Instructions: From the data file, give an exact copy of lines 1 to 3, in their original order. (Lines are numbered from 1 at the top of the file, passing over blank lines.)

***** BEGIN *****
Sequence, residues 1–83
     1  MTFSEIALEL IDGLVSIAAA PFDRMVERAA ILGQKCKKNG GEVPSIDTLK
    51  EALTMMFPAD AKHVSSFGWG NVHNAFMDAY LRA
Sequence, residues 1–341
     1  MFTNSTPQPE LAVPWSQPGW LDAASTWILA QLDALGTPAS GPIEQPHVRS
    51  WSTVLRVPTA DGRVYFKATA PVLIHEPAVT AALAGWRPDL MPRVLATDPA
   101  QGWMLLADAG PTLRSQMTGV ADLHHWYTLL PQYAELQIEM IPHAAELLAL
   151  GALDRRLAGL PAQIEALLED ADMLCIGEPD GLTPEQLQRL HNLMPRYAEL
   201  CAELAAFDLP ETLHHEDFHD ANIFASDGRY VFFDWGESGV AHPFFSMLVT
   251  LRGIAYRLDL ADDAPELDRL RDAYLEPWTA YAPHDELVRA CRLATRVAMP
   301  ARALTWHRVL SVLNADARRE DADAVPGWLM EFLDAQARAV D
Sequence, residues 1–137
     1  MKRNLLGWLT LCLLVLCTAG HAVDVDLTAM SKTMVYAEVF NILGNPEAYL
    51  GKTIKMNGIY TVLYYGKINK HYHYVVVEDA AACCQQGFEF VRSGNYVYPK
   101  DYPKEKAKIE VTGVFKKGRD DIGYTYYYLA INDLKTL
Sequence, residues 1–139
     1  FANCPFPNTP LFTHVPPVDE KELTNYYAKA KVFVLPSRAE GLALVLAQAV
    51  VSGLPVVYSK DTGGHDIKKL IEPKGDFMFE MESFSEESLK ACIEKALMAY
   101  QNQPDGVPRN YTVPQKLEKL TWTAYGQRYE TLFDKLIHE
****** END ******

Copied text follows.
Sequence, residues 1–83
     1  MTFSEIALEL IDGLVSIAAA PFDRMVERAA ILGQKCKKNG GEVPSIDTLK
    51  EALTMMFPAD AKHVSSFGWG NVHNAFMDAY LRA